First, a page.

Suddenly, to my astonishment this brigade of unwanted children rushed into the cafeteria after finding a vast supply of toilet paper. They rushed into the puddle and were getting on their hands and knees on the shore of Lake Gulp and dropping their squares in. They'd pull it out, hug it close to their chests, and run back to the bathrooms leaving trails of soda behind them. And they loved it. Nothing better in the entire world other than a Ferris Wheel full of cookies rolling into the cafeteria would have been better to them. As they passed me on the way back to the bathroom they smiled excitedly, some mouthing words which I couldn't understand over the now whimpering baby.

I finally found a mop in a nearby storage closet and took care of the mess. My mess. Finally, we all went upstairs to meet the teachers. It was even hotter up there. Now, because I have three children currently in school we could stay for a few minutes in each room. In each of the rooms I noticed a few members from my team of child laborers by the soda stains on their shirts and pants. They'd wave to me. (Their parents did not) But me and the soda stain brigade are cool. We're home team. They had my back when things got...messy. I'll babysit them in the back of the hottest cafeteria in the world anytime.

Comments

  1. I love people.

    People are weird, people are perverse, people can mess you up...but people are also wonderful, chaotic good if you will.

    ReplyDelete
  2. Ok Matthew, this is the BEST worst story ever. I have been there a million times and feel your pain, your astonishment at how things turn, and your amusement at the craziness of life with children. They don't get it--this life of grown ups and how we're supposed to be and what's acceptable and what's not-- and sometimes, just sometimes, it's nice to join them. Thanks for the laugh!

    ReplyDelete
  3. Way to be cool when the going got hot (and Super-Gulp-Spilled-On-The-Floor-Messy). What a way to keep your sense of humor! I have to admit to chuckling out loud - and I have a sleeping baby nearby!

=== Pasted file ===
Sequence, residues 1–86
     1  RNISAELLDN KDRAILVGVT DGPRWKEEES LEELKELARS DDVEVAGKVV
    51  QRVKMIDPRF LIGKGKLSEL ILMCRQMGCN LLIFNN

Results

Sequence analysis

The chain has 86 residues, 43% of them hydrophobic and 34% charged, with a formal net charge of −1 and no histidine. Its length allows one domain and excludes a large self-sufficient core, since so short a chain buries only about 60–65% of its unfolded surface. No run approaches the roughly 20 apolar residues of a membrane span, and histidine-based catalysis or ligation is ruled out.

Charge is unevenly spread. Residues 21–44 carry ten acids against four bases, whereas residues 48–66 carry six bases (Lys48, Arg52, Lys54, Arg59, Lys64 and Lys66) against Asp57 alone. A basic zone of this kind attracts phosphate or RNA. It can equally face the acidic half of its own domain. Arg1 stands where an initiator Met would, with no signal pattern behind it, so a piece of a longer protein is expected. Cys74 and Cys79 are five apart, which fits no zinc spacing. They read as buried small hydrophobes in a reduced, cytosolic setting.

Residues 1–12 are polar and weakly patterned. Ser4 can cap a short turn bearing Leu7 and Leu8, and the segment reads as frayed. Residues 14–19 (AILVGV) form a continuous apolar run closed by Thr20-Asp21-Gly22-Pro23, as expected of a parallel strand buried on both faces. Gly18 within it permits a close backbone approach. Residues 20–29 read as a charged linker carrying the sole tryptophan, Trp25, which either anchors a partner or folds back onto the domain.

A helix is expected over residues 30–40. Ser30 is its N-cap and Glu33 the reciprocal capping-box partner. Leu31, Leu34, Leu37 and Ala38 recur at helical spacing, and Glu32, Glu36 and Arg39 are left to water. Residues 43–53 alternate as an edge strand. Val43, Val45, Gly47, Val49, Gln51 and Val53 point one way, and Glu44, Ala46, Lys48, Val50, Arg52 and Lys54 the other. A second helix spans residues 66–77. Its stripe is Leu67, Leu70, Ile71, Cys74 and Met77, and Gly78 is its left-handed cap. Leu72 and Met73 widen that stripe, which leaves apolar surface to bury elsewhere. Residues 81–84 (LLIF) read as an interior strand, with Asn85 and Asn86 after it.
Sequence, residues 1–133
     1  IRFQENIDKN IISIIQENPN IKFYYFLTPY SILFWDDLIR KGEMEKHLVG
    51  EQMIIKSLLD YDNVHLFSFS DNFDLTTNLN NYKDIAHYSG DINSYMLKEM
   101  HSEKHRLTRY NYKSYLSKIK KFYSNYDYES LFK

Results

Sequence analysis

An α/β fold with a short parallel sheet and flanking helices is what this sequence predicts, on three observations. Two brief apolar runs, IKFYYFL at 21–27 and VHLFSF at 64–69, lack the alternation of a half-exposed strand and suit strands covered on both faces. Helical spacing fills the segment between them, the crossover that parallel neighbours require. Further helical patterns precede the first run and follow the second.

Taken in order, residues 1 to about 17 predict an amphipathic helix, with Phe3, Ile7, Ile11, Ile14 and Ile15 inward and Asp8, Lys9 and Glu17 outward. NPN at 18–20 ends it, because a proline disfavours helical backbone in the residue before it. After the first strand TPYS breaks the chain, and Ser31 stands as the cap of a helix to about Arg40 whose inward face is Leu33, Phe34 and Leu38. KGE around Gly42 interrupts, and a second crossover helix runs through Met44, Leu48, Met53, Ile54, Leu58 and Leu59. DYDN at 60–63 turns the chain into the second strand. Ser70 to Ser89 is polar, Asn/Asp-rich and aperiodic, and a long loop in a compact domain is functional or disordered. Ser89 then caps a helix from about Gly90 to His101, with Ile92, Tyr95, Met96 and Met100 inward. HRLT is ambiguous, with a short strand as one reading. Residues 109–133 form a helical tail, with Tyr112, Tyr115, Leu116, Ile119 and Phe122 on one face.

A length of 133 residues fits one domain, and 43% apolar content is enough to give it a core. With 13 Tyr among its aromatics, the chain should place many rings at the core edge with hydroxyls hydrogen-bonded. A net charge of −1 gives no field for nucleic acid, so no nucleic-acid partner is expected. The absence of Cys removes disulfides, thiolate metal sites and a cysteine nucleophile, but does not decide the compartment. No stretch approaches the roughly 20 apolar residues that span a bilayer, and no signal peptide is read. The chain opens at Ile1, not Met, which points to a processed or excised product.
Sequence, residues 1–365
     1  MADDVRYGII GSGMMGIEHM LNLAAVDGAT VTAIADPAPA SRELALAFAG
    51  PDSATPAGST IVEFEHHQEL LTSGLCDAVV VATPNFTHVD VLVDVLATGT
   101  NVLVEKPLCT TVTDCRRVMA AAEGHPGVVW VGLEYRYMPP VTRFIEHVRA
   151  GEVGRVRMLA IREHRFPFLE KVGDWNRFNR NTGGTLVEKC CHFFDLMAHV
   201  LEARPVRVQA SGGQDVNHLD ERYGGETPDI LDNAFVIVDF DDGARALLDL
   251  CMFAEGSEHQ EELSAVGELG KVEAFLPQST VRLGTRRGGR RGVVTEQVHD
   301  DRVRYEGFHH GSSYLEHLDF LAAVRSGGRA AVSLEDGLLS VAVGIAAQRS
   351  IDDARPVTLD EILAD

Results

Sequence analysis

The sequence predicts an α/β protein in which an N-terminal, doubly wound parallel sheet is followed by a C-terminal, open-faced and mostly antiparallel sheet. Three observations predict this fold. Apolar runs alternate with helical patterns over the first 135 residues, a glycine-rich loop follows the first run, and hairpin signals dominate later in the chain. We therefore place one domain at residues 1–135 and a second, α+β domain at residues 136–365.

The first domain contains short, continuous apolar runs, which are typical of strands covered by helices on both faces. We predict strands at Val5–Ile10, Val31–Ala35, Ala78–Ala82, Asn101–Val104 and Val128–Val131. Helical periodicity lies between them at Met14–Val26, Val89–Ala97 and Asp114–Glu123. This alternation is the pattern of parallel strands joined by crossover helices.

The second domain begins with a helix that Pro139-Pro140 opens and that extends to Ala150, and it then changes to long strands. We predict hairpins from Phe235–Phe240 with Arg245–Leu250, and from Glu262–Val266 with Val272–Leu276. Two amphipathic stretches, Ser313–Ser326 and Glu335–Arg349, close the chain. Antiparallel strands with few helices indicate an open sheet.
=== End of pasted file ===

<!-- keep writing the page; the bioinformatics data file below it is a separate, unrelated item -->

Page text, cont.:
ReplyDelete
  4. Thanks for sharing this hilarious, delightful, insightful story. Kids can readily identify and easily relate to that dreadful feeling of 'being in trouble', and it's wonderful how they pitched in to help you out of that sticky, messy puddle of trouble you found yourself in.

    ReplyDelete
  5. Aw, man. I'm so glad to know I'm not the only one who has outings like this with the kids...

    ReplyDelete
  6. Forget people, I love children! What a great story!

    ReplyDelete
  7. And what a tribute to the parents and teachers who've instilled a sense of the "right thing to do" in these kids.

    Great story.

    ReplyDelete
  8. Ha! I know your doppelganger, the sweet-faced child who smuggled a slimey / slurpee / slushy into my English IV class on Tuesday, and inadvertently sent it sloshing!

    Life is good.

    Mack, evil, wicked, godless, satanic, homosexuality-promoting, America bashing public-school teacher

    ReplyDelete
  9. Thank you for this chuckle to start my day! Peace. ~~~mary

    ReplyDelete
  10. Oh, this is wonderful. Laughter is great medicine ... Thank you!

    Net

    ReplyDelete
  11. Great story! Just like a rollercoaster, lots of ups and downs, fears and thrills in a short period of time. Though at the time, you might have thought it to be anything but short! Thanks for sharing.

    ReplyDelete
  12. Matthew, I join your legions of fans especially for this wonderful story that touches all of us who have been through the crucible of parenthood--a state that ends, of course, when the last bit of earth hits the coffin lid.

    And of course there is no a/c in Catholic schools: that's what fans are for and fund-raisers.

    ReplyDelete
  13. Great story and great re-telling of it. Kids are great it's the stinking parents (myself included) that are a drag

    ReplyDelete
  14. Oh, God bless you! You are one fantastic dad!

    ReplyDelete
  15. If life wasn't messy, it wouldn't be fun.

    ReplyDelete
  16. Thanks so much for sharing this comical story. Every parent can relate to this story in one way or another as we've all had our 'less than perfect' parenting moments. I also like your style of writing.

    ReplyDelete